Nkala is hesitant to comment on the Mennonite church in Canada. She did observe that more affluent people have fewer worries, but don’t trust God as much.

“When you are comfortable, you take things for granted,” she says. “You forget that it is the supreme God who is in control and who provides everything.”

It seemed strange to sit in a church service where people did not follow the scripture reading in their Bibles. “Back home, people are hungry for the word of God. Each person wants to own a Bible…sometimes only the pastor has a Bible.” She adds that young people will challenge what they hear to learn better.

Women have traditionally not been pastors in Zimbabwe. Nkala notes wryly that two pioneer women used to go to remote, lion-inhabited areas to establish churches. Today, it is the women who lead Bible study and prayer in many villages, but when the group grows to a certain size, the denomination sends a male pastor to lead them.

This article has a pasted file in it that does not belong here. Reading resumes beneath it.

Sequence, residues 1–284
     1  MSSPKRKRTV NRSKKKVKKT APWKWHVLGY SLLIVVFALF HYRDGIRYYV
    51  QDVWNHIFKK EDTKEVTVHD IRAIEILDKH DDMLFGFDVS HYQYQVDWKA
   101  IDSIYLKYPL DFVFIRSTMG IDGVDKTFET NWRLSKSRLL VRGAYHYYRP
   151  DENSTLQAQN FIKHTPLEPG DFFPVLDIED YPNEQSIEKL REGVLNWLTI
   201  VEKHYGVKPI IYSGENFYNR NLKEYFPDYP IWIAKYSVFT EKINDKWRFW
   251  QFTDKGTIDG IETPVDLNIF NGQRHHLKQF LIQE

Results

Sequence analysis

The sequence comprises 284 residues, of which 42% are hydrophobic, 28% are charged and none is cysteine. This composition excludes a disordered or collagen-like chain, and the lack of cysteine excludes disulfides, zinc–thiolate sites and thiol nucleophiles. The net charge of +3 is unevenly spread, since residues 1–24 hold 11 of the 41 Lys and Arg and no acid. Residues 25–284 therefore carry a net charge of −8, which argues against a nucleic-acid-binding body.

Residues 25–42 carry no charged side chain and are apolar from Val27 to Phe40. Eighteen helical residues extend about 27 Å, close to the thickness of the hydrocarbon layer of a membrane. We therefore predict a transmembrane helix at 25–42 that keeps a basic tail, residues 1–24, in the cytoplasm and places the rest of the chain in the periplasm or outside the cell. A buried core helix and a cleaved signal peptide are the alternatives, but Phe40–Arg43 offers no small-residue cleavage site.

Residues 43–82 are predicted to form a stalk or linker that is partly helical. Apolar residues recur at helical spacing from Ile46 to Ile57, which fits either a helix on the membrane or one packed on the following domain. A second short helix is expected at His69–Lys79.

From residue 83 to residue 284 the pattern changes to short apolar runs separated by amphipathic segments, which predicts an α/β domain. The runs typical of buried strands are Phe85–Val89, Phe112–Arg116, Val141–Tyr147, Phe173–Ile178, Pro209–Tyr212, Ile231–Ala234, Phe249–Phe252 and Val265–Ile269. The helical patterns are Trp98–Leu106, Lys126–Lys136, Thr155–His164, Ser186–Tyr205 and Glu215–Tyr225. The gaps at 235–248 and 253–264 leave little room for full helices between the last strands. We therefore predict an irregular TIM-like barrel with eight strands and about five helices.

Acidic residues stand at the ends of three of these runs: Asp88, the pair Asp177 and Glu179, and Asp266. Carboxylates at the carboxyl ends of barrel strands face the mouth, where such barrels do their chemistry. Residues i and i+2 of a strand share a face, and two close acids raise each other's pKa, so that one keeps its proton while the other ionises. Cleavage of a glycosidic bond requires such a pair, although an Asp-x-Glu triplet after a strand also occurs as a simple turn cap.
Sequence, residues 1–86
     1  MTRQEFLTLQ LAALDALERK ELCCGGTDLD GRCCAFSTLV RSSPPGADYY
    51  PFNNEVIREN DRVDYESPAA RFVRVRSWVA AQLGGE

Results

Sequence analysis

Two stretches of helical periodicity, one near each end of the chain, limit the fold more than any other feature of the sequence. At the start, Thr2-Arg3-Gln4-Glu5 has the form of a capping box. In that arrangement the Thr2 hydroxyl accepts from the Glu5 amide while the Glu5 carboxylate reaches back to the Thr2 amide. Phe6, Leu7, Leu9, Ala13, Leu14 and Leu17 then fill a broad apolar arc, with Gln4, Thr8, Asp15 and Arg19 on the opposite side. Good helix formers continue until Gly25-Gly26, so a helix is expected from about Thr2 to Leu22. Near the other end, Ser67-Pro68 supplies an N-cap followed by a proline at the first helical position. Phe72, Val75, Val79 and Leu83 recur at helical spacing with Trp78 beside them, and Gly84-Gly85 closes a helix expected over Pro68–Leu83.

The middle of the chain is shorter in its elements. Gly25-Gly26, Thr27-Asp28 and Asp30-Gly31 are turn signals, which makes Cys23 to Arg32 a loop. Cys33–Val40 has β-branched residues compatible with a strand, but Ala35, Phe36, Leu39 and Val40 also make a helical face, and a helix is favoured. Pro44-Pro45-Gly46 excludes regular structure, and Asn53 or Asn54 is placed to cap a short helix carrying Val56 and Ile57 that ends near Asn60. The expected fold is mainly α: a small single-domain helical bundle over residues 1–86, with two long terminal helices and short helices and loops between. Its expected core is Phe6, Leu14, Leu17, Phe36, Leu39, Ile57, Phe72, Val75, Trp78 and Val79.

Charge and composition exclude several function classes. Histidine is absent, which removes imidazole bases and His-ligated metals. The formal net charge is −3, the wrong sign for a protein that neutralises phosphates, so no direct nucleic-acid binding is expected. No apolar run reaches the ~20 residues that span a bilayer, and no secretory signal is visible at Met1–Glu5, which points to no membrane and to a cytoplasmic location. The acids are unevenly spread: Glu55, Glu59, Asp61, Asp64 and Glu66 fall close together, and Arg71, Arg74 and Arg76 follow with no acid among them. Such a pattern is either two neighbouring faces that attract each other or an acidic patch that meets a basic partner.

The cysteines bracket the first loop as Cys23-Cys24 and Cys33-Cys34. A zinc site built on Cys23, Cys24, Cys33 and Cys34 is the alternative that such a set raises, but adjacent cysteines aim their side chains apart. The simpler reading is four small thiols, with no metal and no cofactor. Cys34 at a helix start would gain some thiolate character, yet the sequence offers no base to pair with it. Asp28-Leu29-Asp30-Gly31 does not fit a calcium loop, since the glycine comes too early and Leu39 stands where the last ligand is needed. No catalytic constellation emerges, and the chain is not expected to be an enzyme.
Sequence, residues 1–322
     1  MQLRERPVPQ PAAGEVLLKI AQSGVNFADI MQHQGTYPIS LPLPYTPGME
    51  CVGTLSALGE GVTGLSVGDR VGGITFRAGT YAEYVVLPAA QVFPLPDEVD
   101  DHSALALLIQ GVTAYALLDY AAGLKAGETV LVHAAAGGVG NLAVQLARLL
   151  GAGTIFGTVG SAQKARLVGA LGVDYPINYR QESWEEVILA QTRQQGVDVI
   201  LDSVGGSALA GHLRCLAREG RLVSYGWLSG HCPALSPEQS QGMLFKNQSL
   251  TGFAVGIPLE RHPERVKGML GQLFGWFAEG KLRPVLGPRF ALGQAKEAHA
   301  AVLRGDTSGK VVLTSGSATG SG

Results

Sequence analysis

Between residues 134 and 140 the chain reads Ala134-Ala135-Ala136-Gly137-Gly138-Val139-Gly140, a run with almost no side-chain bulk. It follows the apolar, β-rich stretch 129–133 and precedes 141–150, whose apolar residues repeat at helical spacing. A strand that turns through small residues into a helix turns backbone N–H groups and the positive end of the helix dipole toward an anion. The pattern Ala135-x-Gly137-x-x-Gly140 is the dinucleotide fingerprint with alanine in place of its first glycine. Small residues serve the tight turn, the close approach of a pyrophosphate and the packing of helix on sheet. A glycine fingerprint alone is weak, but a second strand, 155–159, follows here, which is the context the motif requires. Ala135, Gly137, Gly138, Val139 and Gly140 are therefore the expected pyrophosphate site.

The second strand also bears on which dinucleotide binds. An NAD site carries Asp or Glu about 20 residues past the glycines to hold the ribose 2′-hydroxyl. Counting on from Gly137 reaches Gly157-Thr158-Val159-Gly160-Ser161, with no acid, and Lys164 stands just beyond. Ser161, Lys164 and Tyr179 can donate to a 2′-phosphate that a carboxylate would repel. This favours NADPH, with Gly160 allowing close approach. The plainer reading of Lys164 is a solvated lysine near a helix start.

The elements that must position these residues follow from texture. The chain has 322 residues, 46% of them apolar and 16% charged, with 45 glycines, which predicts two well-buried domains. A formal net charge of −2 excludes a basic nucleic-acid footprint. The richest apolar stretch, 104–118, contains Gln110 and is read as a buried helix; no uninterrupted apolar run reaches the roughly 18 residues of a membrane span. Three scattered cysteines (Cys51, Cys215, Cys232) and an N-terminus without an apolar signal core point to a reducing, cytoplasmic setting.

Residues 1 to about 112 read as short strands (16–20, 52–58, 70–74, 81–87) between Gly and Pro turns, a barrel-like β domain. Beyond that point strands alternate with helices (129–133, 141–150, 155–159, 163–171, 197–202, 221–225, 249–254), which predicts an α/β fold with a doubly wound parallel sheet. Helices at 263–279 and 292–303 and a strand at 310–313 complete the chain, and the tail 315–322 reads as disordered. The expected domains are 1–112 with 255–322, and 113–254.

Nkala, who is an elder in the BIC, at first hesitated to lead worship at the MWC assembly, but she proved to be a dynamic leader. She is a little sad that she was complimented only by people ourside of her culture. She believes that many of her sisters are gifted leaders. “I believe with years things will change,” she concludes.

Nkala is pursuing a masters degree in Leadership and Management at an academy in Harare, the capital of Zimbabwe. She is also director of the International Bible Society of Zimbabwe and Malawi, and contributor to the Africa volume of MWC’s Global Mennonite History project.

Above all, she is a sister in Christ and a good emissary between the church in Africa and people in the north. As she joyfully shares her gifts with the church, she is “laughing with God” at what is possible.—Maurice Martin